As banks reap ever greater returns, a curious disconnect has emerged. Profits are rising, but lending is not.

"JPMorgan Chase, Citigroup, and PNC all reported another quarter of healthy profits, most of which will end up in shareholders' pockets," The New York Times reports. "Overall, lending at the four banks grew only 2.1 percent in the second quarter from a year earlier." That's down from an increase of 3 percent in the first quarter and 4.6 percent in 2016. This lending slowdown has many analysts scratching their heads: How can banks rake in more money if they aren't issuing more loans?

But there's actually no real mystery here. To explain why, let's first bust one of the economy's most persistent myths.

Most Americans think of banks as intermediaries. Banks bring money in from savers and deposits (and a whole bunch of other instruments, in the case of the big Wall Street banks) and then they spit that money out in the form of new loans to individuals and businesses. In other words, banks loan money out of the existing resources they have on hand. The whole question of why banks aren't lending more — as framed by the Times — implicitly adopts this view. Indeed, most economists assume banks operate this way when they design their models of the macro-economy.

Except banks don't operate this way at all. When they lend, they're actually creating new money out of thin air.

If you want a deep dive into how this works, here's a useful explanation by the Bank of England. But the short version is that banks only need reserves on hand when people want to exchange their bank deposits for physical cash. For the most part these days, we use our deposits themselves to trade with another. Money gets moved from account to account without ever actually leaving the banking system. And when a bank lends, it just changes the amount of money in your account. Unless you immediately try to exchange the total amount lent to you for physical dollars, the money doesn't have to "come from" anywhere.

In fact, most of the new money creation in our economy is undertaken by private banks creating new loans. When people say the U.S. Federal Reserve "controls the money supply," what that really means is the central bank manages the money creation of private banks by setting the general interest rate target for the whole economy.

Now, when people do want to exchange their bank deposits for cold hard cash, a bank might find itself in a situation where it doesn't have enough reserves on hand. That's what caused the classic bank runs of yore. (And led to the creation of the Federal Reserve in the first place.) Furthermore, banks don't just lend because they can: They lend to make a profit, which they bring in by charging interest on their loans. And what interest they charge is heavily influenced by how much credit demand there is among business and consumers.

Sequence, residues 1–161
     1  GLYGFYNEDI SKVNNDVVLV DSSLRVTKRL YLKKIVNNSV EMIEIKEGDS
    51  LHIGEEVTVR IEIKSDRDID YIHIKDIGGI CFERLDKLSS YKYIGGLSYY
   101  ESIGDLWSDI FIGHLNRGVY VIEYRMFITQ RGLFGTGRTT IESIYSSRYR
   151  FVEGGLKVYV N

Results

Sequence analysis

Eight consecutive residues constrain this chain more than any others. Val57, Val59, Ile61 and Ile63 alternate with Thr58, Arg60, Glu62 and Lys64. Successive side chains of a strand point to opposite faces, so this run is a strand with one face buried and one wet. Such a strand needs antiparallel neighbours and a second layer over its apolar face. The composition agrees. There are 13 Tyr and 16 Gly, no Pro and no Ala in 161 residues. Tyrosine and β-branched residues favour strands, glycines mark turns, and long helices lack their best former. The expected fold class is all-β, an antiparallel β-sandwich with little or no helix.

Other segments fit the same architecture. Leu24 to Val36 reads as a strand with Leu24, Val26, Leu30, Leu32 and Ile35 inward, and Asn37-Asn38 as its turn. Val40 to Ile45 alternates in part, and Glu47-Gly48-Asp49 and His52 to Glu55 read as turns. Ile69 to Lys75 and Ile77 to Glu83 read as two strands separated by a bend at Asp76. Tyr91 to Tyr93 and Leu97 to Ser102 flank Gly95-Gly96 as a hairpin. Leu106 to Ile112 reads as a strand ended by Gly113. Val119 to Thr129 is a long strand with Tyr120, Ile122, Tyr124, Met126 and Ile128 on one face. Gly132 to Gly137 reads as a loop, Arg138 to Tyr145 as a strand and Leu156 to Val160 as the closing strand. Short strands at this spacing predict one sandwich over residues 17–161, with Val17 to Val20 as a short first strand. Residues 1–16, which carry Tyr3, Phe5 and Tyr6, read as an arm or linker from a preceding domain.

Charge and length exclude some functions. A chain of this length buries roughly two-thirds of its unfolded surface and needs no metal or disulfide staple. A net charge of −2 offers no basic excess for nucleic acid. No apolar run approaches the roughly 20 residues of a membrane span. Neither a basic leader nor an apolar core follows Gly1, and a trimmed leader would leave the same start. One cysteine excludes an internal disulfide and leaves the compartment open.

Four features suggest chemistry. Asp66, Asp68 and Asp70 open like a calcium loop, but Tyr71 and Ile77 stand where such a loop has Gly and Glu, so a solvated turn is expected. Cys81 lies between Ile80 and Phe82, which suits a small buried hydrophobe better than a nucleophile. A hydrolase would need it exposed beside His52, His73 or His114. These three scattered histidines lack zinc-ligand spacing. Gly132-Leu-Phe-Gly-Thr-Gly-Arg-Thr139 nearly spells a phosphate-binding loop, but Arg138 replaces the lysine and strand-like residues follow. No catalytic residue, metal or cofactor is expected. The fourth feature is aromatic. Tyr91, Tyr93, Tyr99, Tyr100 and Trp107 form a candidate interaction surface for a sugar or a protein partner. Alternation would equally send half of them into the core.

All of which is to say that banks can't just do whatever they want. Their lending is constrained by the need to be profitable, and by monetary policy as set by the Fed. But how much money banks have on hand doesn't limit their lending.

What does all that mean, practically speaking?

First off, if banks aren't lending more, it's likely because people and businesses aren't clamoring for new credit. "As we sit here right now today, I would characterize demand as being solid, as being decent — it's not what it was two years ago,” JPMorgan Chase's finance chief, Marianne Lake, told reporters.

Some of that is certainly the debt overhang from the Great Recession, which many Americans and firms are still working their way through. But ultimately, demand for new investment is driven by untapped consumer markets. Those are driven by consumer spending, which is largely a function of workers' incomes. And despite absolutely gargantuan corporate profits — which are largely getting pumped into record-setting amounts of stock buybacks for the wealthy — paychecks really aren't growing much. In fact, once you account for inflation, which isn't even high itself, real wages actually fell compared to last year.

Yet even so, it's still pretty weird that banks are making big profits, even in the midst of sluggish consumer demand. The explanation is probably a combination of several different things.

Part of what's going is almost certainly Trump and the GOP's giant tax cuts. Another part is that the Fed is already hiking interest rates despite the absence of noteworthy inflationary pressure, which means banks are just bringing in more revenue from their loans. Yet another part is probably how the Fed now pays the banks interest to convince them to store their reserves at the Fed — a change it made once the 2008 crisis upended the traditional tools the central bank used to set interest rates.

Soaring inequality has also eaten away the wages and financial security of ordinary Americans for decades. That forced the Fed to drive interest rates ever lower to keep the economy afloat. Smaller banks have died off as a result. But that's also given the bigger banks a much more dominant, even monopolistic position in the economy.

Finally, inequality also means that business and corporations are spitting out tons of money to wealthy shareholders. There's a massive glut of capital out there looking for a place to go. And a massive supply of capital means cheap capital. For banks, which are purely financial institutions, the costs of capital are basically the costs of doing business. Even with overall interest rates lower than they've been in decades, the spread between them and super cheap capital is enough to hand the big banks a hefty profit.

Sure, the realities of how banking actually operates makes it possible for banks to haul in giant profits while paychecks sputter. But it certainly doesn't make it good when that happens.